A coroner has ruled that neglect contributed to the death of a young Wigan man during his first stay in prison.
Lee Rushton, 24, was found hanged in his cell at HMP Walton in January last year. He had only been a remand inmate there for six days and his death came just minutes before he was meant to make a video link court appearance regarding a harassment charge for which he was due to stand trial.
After hearing evidence for seven days at Liverpool Coroner’s Court, a jury concluded that the young man from Marsh Green did not intend to take his own life.
In a comprehensive and highly critical narrative verdict, they found Lee died from an accidental death contributed to by neglect, along with a number of significant failings by the prison and healthcare staff.
The jury heard evidence that a real and imminent risk of self-harm or suicide was recognised on Lee’s reception into prison by the opening of an Assessment, Care in Custody & Teamwork (ACCT).
But it concluded the risk was not managed adequately and effectively during Lee’s time in the prison’s care. The jury listed the following issues at the prison:
Failure to discuss Lee at the relevant mental health meetings despite being referred on two separate occasions;
Failure to recognise his level of vulnerability as part of the ACCT process;
Failure to explain fully the prison phone system which removed a major protective factor in him not being able to call anybody;
Ineffective use of the cell share risk assessment, leaving Lee alone at a high risk of self harm/suicide:
Numerous failures in carrying out the ACCT process, including lack of communication, not following procedures, missed opportunities to increase observations, not taking a multidisciplinary approach, lack of ownership of issues, missed opportunities to hold review meetings, and neglecting to record information on documentation;
Inadequate management of drug dependency including missed treatments, inconsistent treatments, lack of continuity and lack of recording. The jury considered this more likely than not contributed to Lee’s intentions concerning self-harm or not;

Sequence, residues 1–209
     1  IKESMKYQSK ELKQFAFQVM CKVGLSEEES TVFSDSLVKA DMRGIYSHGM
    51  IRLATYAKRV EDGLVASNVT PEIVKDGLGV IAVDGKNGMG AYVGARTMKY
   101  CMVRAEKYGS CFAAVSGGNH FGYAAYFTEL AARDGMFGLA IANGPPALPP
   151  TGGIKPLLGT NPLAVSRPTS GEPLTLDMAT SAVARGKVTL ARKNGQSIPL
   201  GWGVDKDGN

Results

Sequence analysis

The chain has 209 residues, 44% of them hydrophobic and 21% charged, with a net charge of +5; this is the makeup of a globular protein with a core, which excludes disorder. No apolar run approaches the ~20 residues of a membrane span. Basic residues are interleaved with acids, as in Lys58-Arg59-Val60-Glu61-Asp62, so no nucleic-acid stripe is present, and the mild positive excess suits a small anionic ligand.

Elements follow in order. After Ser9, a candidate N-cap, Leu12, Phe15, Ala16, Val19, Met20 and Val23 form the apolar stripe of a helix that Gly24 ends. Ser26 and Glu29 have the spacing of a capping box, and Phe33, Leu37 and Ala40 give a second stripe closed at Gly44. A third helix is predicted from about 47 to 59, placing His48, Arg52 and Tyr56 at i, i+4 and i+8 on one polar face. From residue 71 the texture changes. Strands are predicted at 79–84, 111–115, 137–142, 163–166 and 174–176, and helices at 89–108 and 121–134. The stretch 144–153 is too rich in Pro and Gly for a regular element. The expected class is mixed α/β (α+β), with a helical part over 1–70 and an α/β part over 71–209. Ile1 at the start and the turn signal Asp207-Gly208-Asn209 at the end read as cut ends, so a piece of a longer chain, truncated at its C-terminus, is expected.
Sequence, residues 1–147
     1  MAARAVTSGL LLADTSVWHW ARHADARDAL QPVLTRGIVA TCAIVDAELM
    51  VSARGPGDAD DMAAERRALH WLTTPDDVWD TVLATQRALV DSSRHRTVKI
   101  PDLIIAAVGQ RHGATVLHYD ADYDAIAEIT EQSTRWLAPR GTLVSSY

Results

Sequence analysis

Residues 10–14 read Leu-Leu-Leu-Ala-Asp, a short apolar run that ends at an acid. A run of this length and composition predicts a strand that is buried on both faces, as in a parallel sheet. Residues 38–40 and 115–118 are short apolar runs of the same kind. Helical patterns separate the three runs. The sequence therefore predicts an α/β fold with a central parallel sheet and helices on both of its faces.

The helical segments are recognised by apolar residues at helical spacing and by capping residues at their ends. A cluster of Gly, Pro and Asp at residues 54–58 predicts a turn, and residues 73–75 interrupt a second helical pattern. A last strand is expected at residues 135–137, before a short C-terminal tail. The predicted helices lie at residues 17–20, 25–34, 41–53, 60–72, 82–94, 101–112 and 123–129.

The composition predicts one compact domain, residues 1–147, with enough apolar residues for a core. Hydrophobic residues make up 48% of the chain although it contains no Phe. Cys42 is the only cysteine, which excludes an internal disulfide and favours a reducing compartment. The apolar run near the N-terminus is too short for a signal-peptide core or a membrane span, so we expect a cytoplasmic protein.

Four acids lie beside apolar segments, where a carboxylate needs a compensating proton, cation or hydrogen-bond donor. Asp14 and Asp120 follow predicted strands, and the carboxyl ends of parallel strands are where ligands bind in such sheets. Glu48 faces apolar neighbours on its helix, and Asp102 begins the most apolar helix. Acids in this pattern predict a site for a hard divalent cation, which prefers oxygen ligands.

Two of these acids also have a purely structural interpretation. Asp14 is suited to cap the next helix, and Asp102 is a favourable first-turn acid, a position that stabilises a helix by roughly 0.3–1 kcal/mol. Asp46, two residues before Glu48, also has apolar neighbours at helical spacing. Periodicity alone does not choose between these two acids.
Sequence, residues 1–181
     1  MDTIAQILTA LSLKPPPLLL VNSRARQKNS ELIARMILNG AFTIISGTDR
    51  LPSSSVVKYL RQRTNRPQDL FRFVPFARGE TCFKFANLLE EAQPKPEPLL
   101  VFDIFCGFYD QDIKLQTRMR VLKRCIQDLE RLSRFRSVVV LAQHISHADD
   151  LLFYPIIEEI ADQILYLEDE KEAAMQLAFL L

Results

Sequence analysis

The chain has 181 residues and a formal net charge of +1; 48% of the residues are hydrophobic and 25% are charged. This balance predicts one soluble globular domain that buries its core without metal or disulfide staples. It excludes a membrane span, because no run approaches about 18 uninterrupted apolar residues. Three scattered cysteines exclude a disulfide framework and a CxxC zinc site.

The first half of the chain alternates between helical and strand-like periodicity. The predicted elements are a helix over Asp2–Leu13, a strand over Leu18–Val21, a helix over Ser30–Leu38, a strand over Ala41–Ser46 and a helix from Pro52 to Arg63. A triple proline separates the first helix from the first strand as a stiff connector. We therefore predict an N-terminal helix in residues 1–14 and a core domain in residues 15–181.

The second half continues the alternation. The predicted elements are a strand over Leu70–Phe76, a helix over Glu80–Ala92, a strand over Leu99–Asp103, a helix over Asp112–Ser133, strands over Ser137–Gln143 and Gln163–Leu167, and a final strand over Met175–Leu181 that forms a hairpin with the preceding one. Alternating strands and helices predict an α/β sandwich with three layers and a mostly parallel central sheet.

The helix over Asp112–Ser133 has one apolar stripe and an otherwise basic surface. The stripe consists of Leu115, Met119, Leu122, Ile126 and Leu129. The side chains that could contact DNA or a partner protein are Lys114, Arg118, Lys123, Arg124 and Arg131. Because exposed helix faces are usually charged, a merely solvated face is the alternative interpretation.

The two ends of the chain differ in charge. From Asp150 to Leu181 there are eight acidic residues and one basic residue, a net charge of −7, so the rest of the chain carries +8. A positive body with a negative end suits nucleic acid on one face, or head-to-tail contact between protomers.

A failure to adequately and effectively assess Lee’s mental health;
A failure to properly investigate a prisoner assault on Lee days before his death despite Lee having expressed his fear to staff.
The jury considered that it was more than likely that this incident added to Lee’s vulnerability given his mental state.
The jury concluded Lee was in a dependent position due to mental illness and incarceration. They stated there was a “failure to provide and procure basic medical attention” and there was a “gross failure” in his mental health care which could have saved or prolonged his life.
Coroner Andre Rebello has compiled a Prevention of Future Deaths report in connection with the issues identified by the jury.
In a statement issued after the hearing, Lee’s family said they were devastated by his death but pleased that the jury “recognised the systemic failures in the care that was provided to him. They hope that the prison will now implement changes to ensure these failings are never repeated.”
Leanne Dunne, solicitor representing the family, said: “It is important that the failures in the level of care provided to prisoners are recognised and the jury’s findings in this case highlight some of these issues Not only do these failures have a devastating impact on families but also link in with the wider social issues regarding the fact that prisoners should at least be provided with the same level of medical care that they would be provided within the community.’
Deborah Coles, Director of INQUEST said: “At a time when prison reform is on the agenda, this case exemplifies everything that is wrong with the prison system. It is deplorable that a vulnerable young man in need of mental health support can die in this way where neglect and gross failures are identified as a contributory factor. Urgent and decisive action is needed now to prevent further deaths. This situation can no longer be tolerated.”